| Model Rocketry Technique : Getting Fins Super Smooth|
If you don't fill your rocket's fins, the wood grain can show through the paint.
This is mostly a cosmetic issue. If you like smooth fins, this will work well.
We'll be using wood filler to achieve smooth fins. Primer can also be used to fill
the fins, however this method is quicker and easier.
At least that's the case for me, personal preference plays a large role here.
For smaller model rockets, I prefer to sand fins before they are attached to the airframe.
This makes is easier to sand the fins with less risk of breaking a fin.
For larger rockets, I attach the fins first. This technique works on balsa for low/mid power rockets, and works equally well with plywood for mid/high power rockets.
If you were planning on fiberglassing your fins, then this technique should not be used. That would only weaken the fiberglass to fin bond.
The first step is to water down some wood filler. Elmer's Carpenter's Wood Filler works well for this. Other wood fillers may work too.|
Scoop some wood filler in a container, add water and stir.
You're looking for a consistency that can be painted on, without making the mixture too runny.
Just about any brush will do. For larger fins, use a larger brush and mixture container.
Put some blue masking tape on the root edge of the fin. Cover about 1/8" on both sides.|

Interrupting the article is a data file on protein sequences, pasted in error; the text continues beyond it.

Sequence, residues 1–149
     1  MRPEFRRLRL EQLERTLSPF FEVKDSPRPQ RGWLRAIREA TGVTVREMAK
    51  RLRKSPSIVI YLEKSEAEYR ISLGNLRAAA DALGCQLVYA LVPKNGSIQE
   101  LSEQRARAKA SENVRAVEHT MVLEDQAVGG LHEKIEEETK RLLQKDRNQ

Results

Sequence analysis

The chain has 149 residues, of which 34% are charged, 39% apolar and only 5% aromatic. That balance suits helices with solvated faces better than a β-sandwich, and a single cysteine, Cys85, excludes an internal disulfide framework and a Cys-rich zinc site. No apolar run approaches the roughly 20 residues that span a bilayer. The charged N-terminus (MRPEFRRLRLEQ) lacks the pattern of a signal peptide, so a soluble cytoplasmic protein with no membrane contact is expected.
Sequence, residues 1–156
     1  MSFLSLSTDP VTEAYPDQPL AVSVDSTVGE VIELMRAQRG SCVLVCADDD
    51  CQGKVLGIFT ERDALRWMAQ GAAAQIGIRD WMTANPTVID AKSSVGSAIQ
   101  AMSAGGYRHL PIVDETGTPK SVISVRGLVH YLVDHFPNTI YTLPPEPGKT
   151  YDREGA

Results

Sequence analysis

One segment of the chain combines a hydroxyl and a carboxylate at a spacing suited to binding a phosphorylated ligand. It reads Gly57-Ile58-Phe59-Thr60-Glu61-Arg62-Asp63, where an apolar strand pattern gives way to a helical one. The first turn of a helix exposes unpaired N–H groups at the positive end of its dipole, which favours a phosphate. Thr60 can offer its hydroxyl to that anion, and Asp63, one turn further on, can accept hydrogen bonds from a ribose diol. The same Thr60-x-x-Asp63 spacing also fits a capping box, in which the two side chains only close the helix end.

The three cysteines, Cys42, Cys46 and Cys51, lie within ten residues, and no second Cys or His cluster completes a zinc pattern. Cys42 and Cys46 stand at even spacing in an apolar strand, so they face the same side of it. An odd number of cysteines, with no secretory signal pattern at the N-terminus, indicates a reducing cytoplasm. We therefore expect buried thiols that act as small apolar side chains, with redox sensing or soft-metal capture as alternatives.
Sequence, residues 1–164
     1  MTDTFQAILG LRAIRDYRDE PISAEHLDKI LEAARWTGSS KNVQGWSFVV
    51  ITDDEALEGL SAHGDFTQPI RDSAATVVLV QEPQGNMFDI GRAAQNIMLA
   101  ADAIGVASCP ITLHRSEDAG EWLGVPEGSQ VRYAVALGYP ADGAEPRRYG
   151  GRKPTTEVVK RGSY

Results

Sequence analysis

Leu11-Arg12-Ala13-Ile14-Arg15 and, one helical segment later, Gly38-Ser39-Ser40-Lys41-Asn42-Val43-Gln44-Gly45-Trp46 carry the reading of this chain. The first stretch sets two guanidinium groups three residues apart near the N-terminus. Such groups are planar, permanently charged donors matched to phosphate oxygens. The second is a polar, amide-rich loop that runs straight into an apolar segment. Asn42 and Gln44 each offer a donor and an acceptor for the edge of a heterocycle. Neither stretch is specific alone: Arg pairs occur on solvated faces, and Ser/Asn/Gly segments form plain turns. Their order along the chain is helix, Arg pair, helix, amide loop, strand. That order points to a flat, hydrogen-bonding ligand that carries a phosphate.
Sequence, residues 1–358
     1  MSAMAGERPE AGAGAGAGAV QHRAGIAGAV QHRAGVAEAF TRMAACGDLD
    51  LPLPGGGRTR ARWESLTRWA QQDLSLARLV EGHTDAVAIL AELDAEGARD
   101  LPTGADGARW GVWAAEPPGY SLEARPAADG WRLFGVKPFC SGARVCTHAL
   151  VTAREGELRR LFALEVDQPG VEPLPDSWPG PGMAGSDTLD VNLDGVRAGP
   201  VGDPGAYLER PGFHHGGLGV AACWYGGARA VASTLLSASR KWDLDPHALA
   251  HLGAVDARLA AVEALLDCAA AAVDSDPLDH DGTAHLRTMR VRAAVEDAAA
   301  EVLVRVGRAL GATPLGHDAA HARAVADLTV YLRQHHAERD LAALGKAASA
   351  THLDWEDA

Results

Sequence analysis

This is done to avoid painting the filler onto the root edge. You don't want the filler there as may weaken the glue bond then the fin is attached to the rocket.
Use blue masking tape, as it will be the easiest to remove from the fin without damaging it.
Now you can paint on the wood filler. The trick here is to paint both sides at once. Apply some filler to one side, flip the fin over and apply some to the other side. Continue this until the entire fin is covered.|
If you were to apply filler to a single side first, the wood (especially balsa) can warp.
You don't need to paint on a whole lot of filler, just enough to lightly coat the entire fin.
Hold on the masking tape while you paint on the filler, to avoid getting your fingers in the filled areas.
A clothespin can be used to hold the fin upright while it dries.|
While you probably could start sanding the fin after a few hours, I prefer to let it
sit overnight. This ensures excess moisture has evaporated, resulting in easier sanding
and a smoother sanded surface.
Remove the masking tape from the fins and start sanding them.|
Personally, I like to start with sandpaper in the 180-220 grit range. This is used only to remove the roughest parts.
To really get it smooth, use 320 to 400 grit sandpaper. The idea is to remove as much of the filler as possible, without sanding into the fin.
Please note that the filler is not a replacement for primer. You will want to prime the fins (and the rest of the rocket) prior to painting it.